Chinese Cuisine in Charm City: Chef Peter Chang’s NiHao Serves Szechuan Food to Baltimore

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Chef Peter Chang at work in the kitchen (David Stuck)

A well-known figure in the world of Szechuan cuisine, Chef Peter Chang’s name is synonymous with Chinese food in the Baltimore and Washington, D.C. areas.

Tucked away in Baltimore’s Canton historic district, Chang’s restaurant NiHao has found much success with its blend of traditional Chinese cuisine and American Chinese food trends.

NiHao is one of 17 restaurants helmed by the chef. It recently reopened in February of 2023 following a period of renovation.

It is a well-recognized restaurant, having placed fourth in Esquire magazine’s list of best new restaurants in America after its initial 2020 opening. Chang himself has been a finalist for a James Beard Award.

But Chang’s origins as a chef are humble. Born in a rural village in China’s Hubei province, Chang became involved in the culinary field by chance when he was applying to college.

“In China, people want to live in the city,” he tells Baltimore Style. “I really wanted to take the college entrance exam that would let me go to college in the city, so I applied to be admitted to whatever major would accept me. That happened to be culinary school.”

Szechuan popcorn chicken (David Stuck)

Chefs were considered a low-class career in China at the time, and Chang initially struggled in culinary school. But he developed a passion for cooking, going on to win several cooking competitions in China and becoming a chef at the Chinese embassy in Washington, D.C. in 2001.

At the embassy, he began to think differently about Chinese food and how American embassy guests received it, which was something he did not have to consider in China.

Cooking for a different audience helped him develop his culinary style and the fusion approach that NiHao now takes to Chinese cuisine.

“I really had to think about how to cater to American guests. Authentic Chinese food isn’t necessarily what Americans like, so I had to balance what Chinese people like and what Americans like,” Chang recalls. During this time, he researched the DMV area’s culinary landscape to determine what was well received, basing his approach to cooking around that.

The idea for NiHao specifically came from Chang’s daughter, Lydia, who manages his restaurant group. Lydia Chang, along with the other members of the Peter Chang restaurant group’s senior management, came to the United States from China like her father did. Chang noted that it was important for his executive staff to understand both Chinese and American cooking culture.

“I really appreciate the diversity of the United States, so I want my restaurants to be popular among all sorts of different demographics so everyone can enjoy their food,” Chang says.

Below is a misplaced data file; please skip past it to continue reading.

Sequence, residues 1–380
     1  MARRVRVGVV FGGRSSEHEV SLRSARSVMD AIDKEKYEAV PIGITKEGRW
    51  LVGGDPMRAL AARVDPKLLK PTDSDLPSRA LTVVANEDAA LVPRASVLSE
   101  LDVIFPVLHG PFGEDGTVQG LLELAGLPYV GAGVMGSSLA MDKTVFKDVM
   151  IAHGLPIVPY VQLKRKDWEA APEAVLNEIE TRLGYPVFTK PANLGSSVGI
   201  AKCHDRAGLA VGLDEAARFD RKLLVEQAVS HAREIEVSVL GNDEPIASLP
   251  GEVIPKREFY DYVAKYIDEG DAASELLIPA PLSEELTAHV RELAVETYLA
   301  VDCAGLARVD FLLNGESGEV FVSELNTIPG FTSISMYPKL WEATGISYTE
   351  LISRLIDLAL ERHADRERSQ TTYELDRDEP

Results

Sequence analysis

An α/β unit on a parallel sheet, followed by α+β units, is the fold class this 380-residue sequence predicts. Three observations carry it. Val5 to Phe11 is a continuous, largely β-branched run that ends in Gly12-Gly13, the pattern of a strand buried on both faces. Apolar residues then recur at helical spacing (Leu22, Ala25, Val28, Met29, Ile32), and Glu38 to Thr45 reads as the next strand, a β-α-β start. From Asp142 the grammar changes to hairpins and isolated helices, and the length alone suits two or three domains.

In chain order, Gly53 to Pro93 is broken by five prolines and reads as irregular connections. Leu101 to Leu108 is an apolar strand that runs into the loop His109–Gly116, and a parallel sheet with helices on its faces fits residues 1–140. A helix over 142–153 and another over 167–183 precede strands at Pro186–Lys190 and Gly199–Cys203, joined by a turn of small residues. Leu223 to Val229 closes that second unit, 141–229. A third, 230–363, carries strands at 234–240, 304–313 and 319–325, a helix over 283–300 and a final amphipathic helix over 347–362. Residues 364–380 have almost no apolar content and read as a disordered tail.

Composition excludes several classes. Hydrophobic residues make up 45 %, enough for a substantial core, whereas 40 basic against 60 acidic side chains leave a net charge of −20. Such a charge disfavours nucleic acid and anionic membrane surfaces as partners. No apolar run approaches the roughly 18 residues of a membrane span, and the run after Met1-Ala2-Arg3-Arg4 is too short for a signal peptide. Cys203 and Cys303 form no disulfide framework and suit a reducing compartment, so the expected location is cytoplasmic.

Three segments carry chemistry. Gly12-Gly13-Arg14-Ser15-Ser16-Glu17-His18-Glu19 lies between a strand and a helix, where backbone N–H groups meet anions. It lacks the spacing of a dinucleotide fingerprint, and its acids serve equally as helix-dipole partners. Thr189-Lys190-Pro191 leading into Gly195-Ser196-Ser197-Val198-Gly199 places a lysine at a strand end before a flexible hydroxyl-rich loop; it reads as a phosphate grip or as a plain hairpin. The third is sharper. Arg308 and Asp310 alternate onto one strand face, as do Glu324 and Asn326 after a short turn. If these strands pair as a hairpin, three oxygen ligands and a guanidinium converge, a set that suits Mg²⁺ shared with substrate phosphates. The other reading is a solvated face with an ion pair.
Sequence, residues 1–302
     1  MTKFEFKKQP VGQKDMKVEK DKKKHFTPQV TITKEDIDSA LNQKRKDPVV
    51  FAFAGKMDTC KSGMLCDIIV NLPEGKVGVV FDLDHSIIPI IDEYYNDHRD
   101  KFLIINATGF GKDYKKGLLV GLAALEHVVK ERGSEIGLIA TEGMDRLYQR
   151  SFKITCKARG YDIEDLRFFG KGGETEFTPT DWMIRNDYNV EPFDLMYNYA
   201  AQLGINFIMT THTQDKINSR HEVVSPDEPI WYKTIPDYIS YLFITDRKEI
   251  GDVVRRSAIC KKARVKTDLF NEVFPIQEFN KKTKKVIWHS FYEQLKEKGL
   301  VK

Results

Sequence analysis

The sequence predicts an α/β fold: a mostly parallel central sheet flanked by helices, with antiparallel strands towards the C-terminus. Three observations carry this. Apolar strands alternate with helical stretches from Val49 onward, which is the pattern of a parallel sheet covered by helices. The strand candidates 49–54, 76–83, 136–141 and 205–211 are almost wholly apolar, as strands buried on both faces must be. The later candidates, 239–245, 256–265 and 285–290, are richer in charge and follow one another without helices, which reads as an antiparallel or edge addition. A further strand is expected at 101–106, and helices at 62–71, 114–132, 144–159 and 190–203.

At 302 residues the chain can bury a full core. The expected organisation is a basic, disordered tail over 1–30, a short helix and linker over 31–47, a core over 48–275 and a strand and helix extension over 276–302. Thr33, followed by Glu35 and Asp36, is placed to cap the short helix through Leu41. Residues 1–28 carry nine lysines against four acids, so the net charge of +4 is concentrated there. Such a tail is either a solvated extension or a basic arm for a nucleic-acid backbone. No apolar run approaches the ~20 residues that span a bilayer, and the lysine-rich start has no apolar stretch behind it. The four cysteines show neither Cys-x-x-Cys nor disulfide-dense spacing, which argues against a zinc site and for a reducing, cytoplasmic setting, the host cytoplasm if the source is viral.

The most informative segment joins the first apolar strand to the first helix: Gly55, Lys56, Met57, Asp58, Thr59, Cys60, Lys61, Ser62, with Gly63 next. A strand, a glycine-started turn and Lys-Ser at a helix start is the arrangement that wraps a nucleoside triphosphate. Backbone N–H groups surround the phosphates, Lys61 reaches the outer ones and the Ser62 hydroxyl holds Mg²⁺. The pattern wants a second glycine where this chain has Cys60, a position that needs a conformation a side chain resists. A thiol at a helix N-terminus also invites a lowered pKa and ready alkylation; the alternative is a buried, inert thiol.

Peter Chang holds a plate of grandma braised pork belly, a dish on NiHao’s menu that’s based on a recipe Chang’s mother used to make. (David Stuck)

Many of NiHao’s most popular dishes have a distinctly American influence. The Szechuan popcorn chicken is a fresh take on the popular bite-sized appetizer, seasoned with the spices that Szechuan cuisine is best known for. Others are inspired by Chang’s own experiences—the menu’s grandma braised pork belly is based on a recipe his mother would cook for him when he was a child. Chang says he was initially worried about how well received this dish would be by locals, but it is now one of the restaurant’s most popular items.

Of course, no Peter Chang restaurant is complete without the chef’s signature Peking duck. Other fan favorites include classic dishes like mapo tofu and kung pao chicken.

“I’ve been very happy to see that these traditional dishes are popular here in Baltimore,” Chang says, noting that he has been glad to see people enjoying the restaurant’s spicier Szechuan offerings. He aims to bring more authentic Chinese food to the menu, cooked in ways that Americans would like.

NiHao’s local nature extends far past the chefs it hires and the influences it takes. Chang’s restaurant group works with local farms, wineries and tea companies to source ingredients, with the hope that the restaurants will one day be all farm-to-table. Chang himself notes that he has a particular affinity for working with Amish-run farms, and he has hosted a few crab feast events featuring Maryland crabs in NiHao’s newly renovated private dining room.

In the future, he wants to expand his Chinese cuisine empire further into Baltimore, because he sees potential in bringing his specific brand of cooking there.

“A lot of Chinese chefs don’t think Baltimore is a big market for Chinese food, but I don’t agree,” Chang says. “My Baltimore restaurants have been a huge success, and I want to serve the Baltimore community with more Chinese food.”

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